Advanced search

Get £10 off your first lesson with Mumsnet-Rated tutoring service Tutorful here

Bullying - governor's meeting with aggressor's parent present? Is this appropriate?

(22 Posts)
TerrysAllGold Thu 02-May-13 16:18:07

I'm posting on behalf of a friend. Her daughter (R) has been bullied by a boy in her class. Steps to address the problem so far have been half hearted to say the least and have included keeping R in at alternate break times so that the boy can't hurt her and, a couple of days ago putting R in the "naughty room" for the day because the boy was being troublesome.

R's family have come to the end of their tether and made it clear that the police, the LA and their MP will be involved if the bullying continues - R is coming home each day with new bruises and is suffering from inability to sleep, nightmares etc. Unsurprisingly the headteacher didn't want R's family to do that so has arranged a meeting between herself, R's family, the governors and the bully's family.

It's that last bit which strikes us as odd and possibly a bit intimidating. It's definitely going to affect what R's family say at the meeting and make them loathe to discuss anything of a confidential/personal nature.

Is this common practice? Is it best practice? Is it something which R's family should welcome or should they be better asking for a meeting with the head and governors alone?

All advice most gratefully received, thank you.

Katiebeau Thu 02-May-13 16:29:04

I've no clue if its normal practice but what arse of a teacher basically punishes a child for being bullied. angry

Report the school anyway, they are crap clearly at managing a bully. Surely physical harm evidence would warrant the intervention of the LEA.

For R thanks

Madamecastafiore Thu 02-May-13 16:31:18

Refuse to be part of the meeting. Demand a copy of the anti bullying policy and make sure they follow it to the letter.

I would keep my child out of school until this is rectified too.

freddiemisagreatshag Thu 02-May-13 16:33:53

DS's school suggested this when he was being bullied.

I went in and saw the V-P who was in charge of discipline and told him it would be happening over my dead body and could I please have a copy of their anti-bullying policy.

I then went through the policy with a fine tooth comb and wrote a stinking letter detailing every time they hadn't adhered to it - eg "In para 6.2.1 of the bullying policy it states xxx. This has not been done. I expect an explanation"

EuroShaggleton Thu 02-May-13 16:34:00

To be fair, I think the involvement of the bully's family will be helpful in tackling this behaviour. If there are things they do not want to discuss with the bully's family present, R's family should state that and ask for them to wait outside while that issue is raised.

It does sound like the behaviour is being handled appallingly badly though.

freddiemisagreatshag Thu 02-May-13 16:35:33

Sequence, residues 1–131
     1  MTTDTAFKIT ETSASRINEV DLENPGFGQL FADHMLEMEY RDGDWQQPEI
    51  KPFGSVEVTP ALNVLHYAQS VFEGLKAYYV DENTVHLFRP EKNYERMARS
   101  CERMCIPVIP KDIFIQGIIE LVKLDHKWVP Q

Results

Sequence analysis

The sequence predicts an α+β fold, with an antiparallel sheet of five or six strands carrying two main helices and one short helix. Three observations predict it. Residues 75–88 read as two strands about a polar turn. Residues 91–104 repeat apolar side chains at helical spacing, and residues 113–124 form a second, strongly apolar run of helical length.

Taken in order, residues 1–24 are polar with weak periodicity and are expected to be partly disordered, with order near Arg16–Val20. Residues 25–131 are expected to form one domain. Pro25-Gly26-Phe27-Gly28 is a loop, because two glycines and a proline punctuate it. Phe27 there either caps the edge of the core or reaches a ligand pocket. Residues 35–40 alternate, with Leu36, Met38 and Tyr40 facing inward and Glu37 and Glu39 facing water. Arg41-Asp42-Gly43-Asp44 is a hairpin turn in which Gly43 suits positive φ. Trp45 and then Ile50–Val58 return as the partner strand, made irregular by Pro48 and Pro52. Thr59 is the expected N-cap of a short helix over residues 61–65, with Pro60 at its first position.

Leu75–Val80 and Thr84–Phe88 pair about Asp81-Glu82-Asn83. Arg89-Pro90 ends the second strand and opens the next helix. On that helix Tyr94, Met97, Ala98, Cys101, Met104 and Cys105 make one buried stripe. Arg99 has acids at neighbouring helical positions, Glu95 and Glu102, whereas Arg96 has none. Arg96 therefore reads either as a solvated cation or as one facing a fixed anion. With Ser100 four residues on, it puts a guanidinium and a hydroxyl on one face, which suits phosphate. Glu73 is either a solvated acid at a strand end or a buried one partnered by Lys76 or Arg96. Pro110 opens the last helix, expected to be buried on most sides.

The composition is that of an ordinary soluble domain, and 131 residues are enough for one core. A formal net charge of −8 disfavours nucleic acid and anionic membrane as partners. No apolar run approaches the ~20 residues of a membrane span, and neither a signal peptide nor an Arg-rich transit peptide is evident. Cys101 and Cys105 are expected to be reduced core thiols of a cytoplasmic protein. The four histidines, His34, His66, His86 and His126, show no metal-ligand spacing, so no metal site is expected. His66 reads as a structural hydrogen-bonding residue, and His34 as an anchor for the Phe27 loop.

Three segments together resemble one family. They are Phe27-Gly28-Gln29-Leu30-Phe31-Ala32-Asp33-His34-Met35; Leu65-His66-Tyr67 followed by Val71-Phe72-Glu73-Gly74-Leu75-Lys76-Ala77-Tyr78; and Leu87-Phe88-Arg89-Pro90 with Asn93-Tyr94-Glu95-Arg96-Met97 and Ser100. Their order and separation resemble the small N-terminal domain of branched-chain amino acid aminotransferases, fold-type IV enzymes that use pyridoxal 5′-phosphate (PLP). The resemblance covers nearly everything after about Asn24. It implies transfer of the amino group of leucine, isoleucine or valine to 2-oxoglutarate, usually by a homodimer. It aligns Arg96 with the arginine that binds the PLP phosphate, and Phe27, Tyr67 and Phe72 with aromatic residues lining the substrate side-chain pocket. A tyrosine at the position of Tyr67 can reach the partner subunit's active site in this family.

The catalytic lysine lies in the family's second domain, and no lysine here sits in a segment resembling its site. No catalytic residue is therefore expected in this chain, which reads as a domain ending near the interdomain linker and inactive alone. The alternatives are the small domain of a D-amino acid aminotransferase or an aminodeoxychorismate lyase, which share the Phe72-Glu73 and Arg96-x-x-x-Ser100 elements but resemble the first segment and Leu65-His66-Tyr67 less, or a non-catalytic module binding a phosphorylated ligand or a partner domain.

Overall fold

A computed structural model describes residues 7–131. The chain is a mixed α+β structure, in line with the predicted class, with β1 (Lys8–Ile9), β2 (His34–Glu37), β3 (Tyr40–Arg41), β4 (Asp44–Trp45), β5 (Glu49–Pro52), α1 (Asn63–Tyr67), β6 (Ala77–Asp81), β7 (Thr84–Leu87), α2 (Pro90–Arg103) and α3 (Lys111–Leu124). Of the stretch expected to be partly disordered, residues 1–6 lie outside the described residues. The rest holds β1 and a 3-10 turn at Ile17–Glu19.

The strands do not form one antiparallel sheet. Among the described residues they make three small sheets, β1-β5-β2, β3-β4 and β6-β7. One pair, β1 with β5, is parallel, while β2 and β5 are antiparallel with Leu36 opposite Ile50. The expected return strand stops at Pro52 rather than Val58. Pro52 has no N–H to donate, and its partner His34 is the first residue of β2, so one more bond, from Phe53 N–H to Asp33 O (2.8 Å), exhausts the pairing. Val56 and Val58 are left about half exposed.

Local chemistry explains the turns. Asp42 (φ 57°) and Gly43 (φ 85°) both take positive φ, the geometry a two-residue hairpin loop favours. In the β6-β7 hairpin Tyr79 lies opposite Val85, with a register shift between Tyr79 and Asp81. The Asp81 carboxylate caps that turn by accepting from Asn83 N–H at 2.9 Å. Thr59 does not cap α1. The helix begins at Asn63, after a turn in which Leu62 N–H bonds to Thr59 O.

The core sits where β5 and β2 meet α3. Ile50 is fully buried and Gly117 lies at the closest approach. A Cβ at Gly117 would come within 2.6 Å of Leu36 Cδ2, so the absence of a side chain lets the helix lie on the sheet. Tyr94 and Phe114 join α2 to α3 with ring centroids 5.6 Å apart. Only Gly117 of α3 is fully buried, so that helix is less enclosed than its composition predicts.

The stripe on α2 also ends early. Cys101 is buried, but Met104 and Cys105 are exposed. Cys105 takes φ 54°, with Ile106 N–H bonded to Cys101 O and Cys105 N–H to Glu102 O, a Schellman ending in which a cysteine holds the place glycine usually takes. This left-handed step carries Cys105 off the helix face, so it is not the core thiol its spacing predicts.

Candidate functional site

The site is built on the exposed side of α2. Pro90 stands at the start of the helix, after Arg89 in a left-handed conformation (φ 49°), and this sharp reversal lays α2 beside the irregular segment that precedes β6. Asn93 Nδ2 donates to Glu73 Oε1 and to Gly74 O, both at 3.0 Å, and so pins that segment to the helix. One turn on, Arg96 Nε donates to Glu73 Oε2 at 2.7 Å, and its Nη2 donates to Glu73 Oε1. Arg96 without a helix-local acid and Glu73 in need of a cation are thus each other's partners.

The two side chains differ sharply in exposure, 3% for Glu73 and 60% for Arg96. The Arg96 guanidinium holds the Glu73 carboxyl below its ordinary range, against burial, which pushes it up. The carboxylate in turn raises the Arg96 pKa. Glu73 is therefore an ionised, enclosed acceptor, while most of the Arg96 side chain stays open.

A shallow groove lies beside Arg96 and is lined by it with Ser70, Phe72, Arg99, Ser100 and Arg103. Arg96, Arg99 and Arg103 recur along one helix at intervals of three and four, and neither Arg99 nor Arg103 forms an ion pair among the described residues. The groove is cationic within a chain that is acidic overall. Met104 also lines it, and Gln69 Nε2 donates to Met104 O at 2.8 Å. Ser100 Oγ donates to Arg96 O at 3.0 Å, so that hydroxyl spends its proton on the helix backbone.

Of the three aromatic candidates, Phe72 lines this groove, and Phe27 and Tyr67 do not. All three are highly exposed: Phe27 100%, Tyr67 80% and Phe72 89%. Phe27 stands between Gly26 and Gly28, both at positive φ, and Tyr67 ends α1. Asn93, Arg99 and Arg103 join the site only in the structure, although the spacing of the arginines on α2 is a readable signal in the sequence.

And my advice is if R comes home with any more bruises, go straight to the police and report it as assault.

TerrysAllGold Thu 02-May-13 16:52:43

They are going to report any more bruises/physical harm to the police, Freddie and R's nan (who's the one who was so cross she demanded to see the head this afternoon and got this meeting offered to her and R's mum) has today gone through the school's anti-bullying policy with the head and pointed out the various areas where it hasn't been followed.

(Moral of the story - don't mess with Grandma!).

Grandma did this as a result of me advising that the family go over the bullying policy and involve the police if any more takes place (unfortunately I speak from past experience, when my own child was bullied). I'm just concerned that R's mum, when she gets in the meeting, will feel intimidated by the presence of the bully's parents and thought the suggestion at best odd, maybe even inappropriate. If it's normal procedure and it works then that's great, I've just never come across the suggestion before.

Pancakeflipper Thu 02-May-13 16:58:40

In some situations it can be a suitable situation but only if both parties are willing to discuss it in a civil manner as a way forward to resolve the situation. If the mother feels uncomfortable then it is not apt and she should ask for a separate mtg with the year head, Headteacher and a member of the Governing body (tell her to write all instances in a diary /date format, any photos of the bruises would be good too).

And keep waving the bullying policy. Schools have stats on bullying instances that are seen by Ofsted etc.

admission Thu 02-May-13 17:05:46

I would say that this is not necessarily a clever idea. There is not only an anti-bullying policy in the school but will also be a complaints policy. That complaints policy will probably say that the first complaint will be to the head teacher who needs to respond around the complaint. If the complainant still feels it has not been addressed then it goes to the Chair of Governors to review the complaint.Then it could well go to a panel of governors.
My point is that this meeting will have potentially cut right across the agreed policy and leave all of you in no-mans land in terms of what can now happen.
I would get hold of the complaints policy and see what it says exactly and then instigate it. I would say that any meeting should be with the head to start with. The head can meet separately with bully's family to explain the problem and what they intend to do about it.
Sorry but to me this sounds like the head taking the easy option of hoping that a face to face meeting between the families will resolve the problem. I don't think it will resolve anything, the head teacher needs to be taking action against the bully.
My only concern in all this is that the actions of the head teacher might suggest that they have concerns about exactly who is the instigator of the trouble here. Could it possibly be that R's daughter is actually the catalyst for what turns into a bullying issue, that is the daughter starts it?

learnandsay Thu 02-May-13 17:08:40

This won't be happening to a child of mine. After one incident and with no solution presented immediately any further incidents would automatically be reported to the police and the staff involved for child cruelty and neglect.

adoptmama Thu 02-May-13 17:37:56

I would not involve myself in such a meeting if I were considering going to the police. I would advise your friend to inform the school they will not attend the meeting. You arrange a meeting between parents when children cannot get on, not when one child is physically abusing another, which is what this bullying is. There is nothing to be gained by the parents meeting in this way and a lot of harm that could be done. The school has not met its legal responsibilities or acted adequately. Personally I would get a lawyer to contact the LEA and take it from there. I would also look for a new school for my child if necessary and would expect the LEA to support a transfer.